Keeping inflammation from the disease under control is important for preventing strictures. Diagnosing strictures quickly and using the latest medications and surgical techniques can help get a stricture under control and prevent it from happening again. A stricture is a narrowed section in the intestines. The intestines are normally an open tube much like a hose that allows food to pass through and become digested. Strictures are of great concern to people with Crohn’s disease because if a stricture causes the small intestine to become too tight on the inside, it could lead to a blockage bowel obstruction. People who have strictures may need to alter their diet to ensure that the narrowed portion of their intestine does not become blocked. Certain foods may be more likely to get hung up inside the stricture and not be able to pass through. If you have a stricture, some of the foods that you may want to avoid, limit, or chop and cook very well before eating are listed below. Many people realize that corn is a food that is difficult to digest. Even for people who do not have digestive disorders, corn may pass through the body only partially digested.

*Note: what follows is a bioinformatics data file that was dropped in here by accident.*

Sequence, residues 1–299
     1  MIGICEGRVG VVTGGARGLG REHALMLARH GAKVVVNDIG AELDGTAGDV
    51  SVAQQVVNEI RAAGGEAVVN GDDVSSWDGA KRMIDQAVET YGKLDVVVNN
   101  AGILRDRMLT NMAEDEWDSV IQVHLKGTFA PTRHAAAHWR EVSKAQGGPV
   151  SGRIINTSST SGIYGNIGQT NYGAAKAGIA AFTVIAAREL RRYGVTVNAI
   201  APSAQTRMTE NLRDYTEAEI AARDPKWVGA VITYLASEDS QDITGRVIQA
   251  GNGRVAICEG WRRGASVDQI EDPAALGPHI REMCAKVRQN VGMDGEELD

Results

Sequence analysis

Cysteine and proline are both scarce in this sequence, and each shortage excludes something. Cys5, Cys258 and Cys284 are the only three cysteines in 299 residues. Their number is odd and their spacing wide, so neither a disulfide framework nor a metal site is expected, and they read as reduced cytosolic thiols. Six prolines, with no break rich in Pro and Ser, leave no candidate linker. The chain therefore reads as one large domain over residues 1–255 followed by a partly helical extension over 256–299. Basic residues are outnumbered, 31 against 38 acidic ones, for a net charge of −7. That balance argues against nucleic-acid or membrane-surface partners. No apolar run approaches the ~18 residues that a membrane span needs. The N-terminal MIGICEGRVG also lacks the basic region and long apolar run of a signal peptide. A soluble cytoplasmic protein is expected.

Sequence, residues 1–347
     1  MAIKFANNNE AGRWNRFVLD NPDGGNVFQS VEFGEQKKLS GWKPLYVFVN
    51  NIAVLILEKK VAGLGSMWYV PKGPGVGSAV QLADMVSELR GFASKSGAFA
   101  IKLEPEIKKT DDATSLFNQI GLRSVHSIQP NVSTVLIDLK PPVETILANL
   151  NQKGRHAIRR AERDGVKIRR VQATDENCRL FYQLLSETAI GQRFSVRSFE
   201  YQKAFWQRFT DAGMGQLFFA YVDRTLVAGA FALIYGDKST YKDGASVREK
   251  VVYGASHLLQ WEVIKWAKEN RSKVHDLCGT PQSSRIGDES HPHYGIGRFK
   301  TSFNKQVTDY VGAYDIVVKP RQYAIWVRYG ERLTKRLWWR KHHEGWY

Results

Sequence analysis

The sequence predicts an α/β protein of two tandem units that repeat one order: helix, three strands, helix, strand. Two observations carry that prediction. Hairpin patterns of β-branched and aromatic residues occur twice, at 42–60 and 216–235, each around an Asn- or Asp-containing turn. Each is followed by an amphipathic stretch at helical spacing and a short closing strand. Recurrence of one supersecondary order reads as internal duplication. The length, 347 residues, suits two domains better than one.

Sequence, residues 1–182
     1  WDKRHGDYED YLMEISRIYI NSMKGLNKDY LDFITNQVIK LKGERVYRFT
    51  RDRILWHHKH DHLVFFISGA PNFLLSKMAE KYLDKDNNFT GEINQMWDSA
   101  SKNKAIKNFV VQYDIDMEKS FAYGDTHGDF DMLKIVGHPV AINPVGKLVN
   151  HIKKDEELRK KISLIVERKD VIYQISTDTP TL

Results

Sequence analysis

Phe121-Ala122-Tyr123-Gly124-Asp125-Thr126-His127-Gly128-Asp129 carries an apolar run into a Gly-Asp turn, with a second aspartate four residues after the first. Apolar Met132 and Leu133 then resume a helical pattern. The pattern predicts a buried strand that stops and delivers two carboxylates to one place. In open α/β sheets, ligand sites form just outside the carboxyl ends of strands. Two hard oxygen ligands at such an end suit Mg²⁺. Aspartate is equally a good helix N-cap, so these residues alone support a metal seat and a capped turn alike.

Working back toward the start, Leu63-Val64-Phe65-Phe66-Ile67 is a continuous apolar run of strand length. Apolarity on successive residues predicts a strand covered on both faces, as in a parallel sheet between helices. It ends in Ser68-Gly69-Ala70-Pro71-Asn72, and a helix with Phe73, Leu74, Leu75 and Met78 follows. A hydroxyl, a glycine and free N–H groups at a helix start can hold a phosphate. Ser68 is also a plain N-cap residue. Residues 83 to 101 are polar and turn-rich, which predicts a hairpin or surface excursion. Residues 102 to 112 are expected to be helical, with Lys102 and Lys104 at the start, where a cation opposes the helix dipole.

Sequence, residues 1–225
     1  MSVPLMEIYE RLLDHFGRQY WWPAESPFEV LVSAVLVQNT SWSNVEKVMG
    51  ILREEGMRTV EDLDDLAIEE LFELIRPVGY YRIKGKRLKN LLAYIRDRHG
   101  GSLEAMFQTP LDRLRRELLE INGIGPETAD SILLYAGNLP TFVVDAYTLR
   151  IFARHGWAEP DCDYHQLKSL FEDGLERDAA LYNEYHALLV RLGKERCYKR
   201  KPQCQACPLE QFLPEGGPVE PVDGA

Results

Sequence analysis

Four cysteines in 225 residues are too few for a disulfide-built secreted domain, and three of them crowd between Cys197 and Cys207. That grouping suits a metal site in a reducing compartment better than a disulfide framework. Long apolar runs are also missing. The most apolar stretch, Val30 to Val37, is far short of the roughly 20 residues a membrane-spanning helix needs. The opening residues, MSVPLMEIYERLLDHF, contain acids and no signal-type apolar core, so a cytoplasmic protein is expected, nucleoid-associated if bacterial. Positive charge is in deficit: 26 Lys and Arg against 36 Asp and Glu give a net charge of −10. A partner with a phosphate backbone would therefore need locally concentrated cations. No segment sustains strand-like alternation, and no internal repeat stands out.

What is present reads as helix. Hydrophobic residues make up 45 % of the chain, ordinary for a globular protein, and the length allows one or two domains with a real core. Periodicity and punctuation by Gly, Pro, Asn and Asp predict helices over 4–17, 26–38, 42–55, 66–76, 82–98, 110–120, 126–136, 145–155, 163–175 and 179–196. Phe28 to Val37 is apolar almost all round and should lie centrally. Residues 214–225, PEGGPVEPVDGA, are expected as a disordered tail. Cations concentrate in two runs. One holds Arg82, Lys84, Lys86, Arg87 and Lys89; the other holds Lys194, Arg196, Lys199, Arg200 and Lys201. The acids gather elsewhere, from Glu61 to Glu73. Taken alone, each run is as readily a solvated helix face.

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Dear Dr. Roach: I am 75 years old and in good health. At age 20, I had an exploratory operation resulting in an appendectomy. Eight years ago, I underwent a gallbladder removal. The pain is excruciating about a 9 on a scale of 1 to 10, and I have terrible bloating. Usually I vomit clear yellow fluid once before I get to the hospital. In the emergency room, I am diagnosed by an abdominal X-ray and then given a morphine IV. The pain is relieved shortly, and the bloating decreases in a little while — I guess it spontaneously goes back to normal.